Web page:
Respiratory failure

Many chronic respiratory failure patients, who need help with home mechanical ventilation have healthy lungs, but at the same time a respiratory muscle disease or damaged nervous system that leads to the paralysis of such muscles. The body’s ability to pump air in and out of the lungs is damaged, but when the air passes down into the lungs it is used in the normal way. Consequently, weaker breathing leads to an abnormally high amount of carbon dioxide in the blood and an abnormally low amount of oxygen. The medical term for this type of respiratory failure is low ventilation or hypoventilation. We breathe less and poorer when we are asleep than when awake. The respiratory muscles must work harder, they become tense and never get to rest before having to deal with the activities of the next day. Respiratory failure is therefore worse at night and, in many cases, this explains the initial symptoms of hypoventilation and the fact that many patients only need respiratory support during the night.

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Symptoms of respiratory failure illustrated; a person holding his chest (heavy breathing), a tired person, a person with headache.
Symptoms of respiratory failure illustrated; a person holding his chest (heavy breathing), a tired person, a person with headache.

Potential symptoms of respiratory failure:

  • Frequently disturbed sleep during the night, restless sleep.
  • Sleepiness during the day.
  • Tiredness after sleeping.
  • Fatigue
  • Reduced concentration
  • Morning headaches
  • Heavy breathing whilst resting or during exertion.
  • Heavy breathing when lying flat on one’s back.
  • Frequent airway infections
  • Loss of appetite
  • Weakness
  • Loss of weight

The consequences of respiratory failure could be the feeling of being under the weather, exhaustion and morning headaches. One often feels tired and sleepy during the day, especially in situations with monotone activities, such as reading, watching TV, driving, etc. In such situations, it is not uncommon to fall asleep. The ability to concentrate, learn and memorise can become impaired, and one can feel depressed and indifferent. Some people may notice reduced physical performance and others rapid breathlessness on exertion. Decreased appetite may also occur.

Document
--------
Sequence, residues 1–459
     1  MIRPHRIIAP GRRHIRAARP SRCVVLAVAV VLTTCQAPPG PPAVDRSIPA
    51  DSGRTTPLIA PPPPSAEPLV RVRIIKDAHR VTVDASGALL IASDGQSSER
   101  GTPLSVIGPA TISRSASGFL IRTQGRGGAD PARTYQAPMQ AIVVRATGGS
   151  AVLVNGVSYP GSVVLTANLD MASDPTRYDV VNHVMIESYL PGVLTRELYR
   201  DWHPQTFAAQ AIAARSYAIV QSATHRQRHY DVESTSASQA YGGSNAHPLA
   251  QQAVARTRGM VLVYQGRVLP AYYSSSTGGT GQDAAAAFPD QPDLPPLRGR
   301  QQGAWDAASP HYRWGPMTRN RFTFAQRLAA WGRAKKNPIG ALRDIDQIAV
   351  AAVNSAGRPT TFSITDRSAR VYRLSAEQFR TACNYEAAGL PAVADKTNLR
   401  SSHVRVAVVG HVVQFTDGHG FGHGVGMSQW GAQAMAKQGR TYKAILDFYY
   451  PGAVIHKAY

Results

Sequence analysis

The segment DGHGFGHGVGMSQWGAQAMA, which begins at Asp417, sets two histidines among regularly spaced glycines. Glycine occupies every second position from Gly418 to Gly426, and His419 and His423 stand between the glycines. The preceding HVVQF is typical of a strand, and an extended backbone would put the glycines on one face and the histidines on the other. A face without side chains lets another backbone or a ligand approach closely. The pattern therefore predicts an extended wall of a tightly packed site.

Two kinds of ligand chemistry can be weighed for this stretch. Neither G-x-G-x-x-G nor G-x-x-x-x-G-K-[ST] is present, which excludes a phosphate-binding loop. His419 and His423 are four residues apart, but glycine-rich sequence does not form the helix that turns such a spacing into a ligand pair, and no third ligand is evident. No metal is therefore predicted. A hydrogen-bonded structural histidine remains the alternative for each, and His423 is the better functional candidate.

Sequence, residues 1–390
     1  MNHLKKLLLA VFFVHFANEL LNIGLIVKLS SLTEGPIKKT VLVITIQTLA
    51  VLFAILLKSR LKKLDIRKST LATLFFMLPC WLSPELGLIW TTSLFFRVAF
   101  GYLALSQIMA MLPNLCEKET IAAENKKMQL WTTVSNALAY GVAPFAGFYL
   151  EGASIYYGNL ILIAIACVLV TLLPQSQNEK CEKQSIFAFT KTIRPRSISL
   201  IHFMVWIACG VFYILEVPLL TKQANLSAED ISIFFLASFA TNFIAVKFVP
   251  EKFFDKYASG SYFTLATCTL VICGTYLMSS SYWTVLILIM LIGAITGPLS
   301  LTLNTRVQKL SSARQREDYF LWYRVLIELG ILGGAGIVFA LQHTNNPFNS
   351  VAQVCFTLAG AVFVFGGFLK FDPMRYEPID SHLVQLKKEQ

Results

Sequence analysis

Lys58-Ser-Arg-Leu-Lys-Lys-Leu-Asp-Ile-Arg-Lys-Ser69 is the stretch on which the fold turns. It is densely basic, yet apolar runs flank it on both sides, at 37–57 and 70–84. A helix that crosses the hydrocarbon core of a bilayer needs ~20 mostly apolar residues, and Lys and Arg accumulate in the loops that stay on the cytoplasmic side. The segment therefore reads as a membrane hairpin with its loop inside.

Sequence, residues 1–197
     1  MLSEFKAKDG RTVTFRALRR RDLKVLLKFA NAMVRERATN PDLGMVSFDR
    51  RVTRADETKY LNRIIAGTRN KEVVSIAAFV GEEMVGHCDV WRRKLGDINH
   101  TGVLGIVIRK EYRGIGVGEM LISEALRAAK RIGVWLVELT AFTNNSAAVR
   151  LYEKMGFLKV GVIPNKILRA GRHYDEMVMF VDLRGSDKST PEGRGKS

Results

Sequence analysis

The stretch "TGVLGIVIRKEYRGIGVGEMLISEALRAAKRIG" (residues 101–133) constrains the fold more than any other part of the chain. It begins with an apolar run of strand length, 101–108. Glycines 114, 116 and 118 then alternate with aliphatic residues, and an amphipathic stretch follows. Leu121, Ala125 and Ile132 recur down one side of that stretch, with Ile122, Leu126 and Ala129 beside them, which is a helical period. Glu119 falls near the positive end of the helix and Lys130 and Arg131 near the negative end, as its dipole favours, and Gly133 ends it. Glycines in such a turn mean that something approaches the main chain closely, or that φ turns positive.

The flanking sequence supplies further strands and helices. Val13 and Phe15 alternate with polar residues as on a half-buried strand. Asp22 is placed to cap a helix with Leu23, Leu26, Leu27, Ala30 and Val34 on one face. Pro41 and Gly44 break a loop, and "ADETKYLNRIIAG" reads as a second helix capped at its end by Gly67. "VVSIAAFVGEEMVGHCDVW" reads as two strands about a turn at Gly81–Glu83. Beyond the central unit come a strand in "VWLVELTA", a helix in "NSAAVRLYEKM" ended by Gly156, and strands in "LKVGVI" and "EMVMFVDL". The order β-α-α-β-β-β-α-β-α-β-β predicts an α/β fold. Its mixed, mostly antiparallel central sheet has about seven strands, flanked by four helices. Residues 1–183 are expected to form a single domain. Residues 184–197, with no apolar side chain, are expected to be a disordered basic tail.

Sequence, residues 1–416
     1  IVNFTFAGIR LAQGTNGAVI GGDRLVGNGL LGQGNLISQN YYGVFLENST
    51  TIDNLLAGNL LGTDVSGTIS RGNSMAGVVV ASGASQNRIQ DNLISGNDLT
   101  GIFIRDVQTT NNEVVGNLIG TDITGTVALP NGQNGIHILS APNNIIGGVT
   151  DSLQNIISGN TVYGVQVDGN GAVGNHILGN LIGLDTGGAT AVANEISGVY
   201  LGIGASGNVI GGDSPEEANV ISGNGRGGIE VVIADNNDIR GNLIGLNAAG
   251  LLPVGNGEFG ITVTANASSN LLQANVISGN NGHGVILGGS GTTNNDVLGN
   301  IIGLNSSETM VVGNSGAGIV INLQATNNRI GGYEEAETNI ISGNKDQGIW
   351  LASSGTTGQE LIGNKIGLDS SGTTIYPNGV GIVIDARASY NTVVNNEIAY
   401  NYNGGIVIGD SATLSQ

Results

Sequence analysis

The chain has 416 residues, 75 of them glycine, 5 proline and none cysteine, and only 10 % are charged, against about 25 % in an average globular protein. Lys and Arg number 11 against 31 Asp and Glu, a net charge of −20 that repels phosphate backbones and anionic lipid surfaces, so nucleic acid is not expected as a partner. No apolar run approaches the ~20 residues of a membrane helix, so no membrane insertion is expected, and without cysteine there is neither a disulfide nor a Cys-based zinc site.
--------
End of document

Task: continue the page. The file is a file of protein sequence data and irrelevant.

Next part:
When coughing muscles, like the abdomen, are weak, mucus builds up in the airways. The mucus is a breeding ground for bacteria; therefore it is easy to contract infections, such as bronchitis and pneumonia. These airway infections cause the respiratory muscles to work even harder and can cause sudden (acute) severe respiratory failure, which can be fatal if not treated correctly and in time.

Respiratory failure often develops slowly over time, consequently it is easy to overlook. Occasionally, family or friends are the first to notice changes in performance or behavour, for example, if one seems more easily tired, sleepy or forgetful.

How is respiratory failure detected?

People with disorders that could lead to hypoventilation should be offered regular check-ups with a pulmonologist. When symptoms appear, a doctor’s check-up along with any supplementary investigations of breathing during asleep, can confirm whether or not there is a problem and what can be done. In addition to one’s medical history and symptoms, investigations can be carried out to measure oxygen and carbon dioxide in the blood during the day or night. The volume of the lungs and the strength of the respiratory muscles are measured during the initial investigation. Some investigations need to be performed at the hospital others can be done at home with transportable equipment.

Who can benefit from the therapy?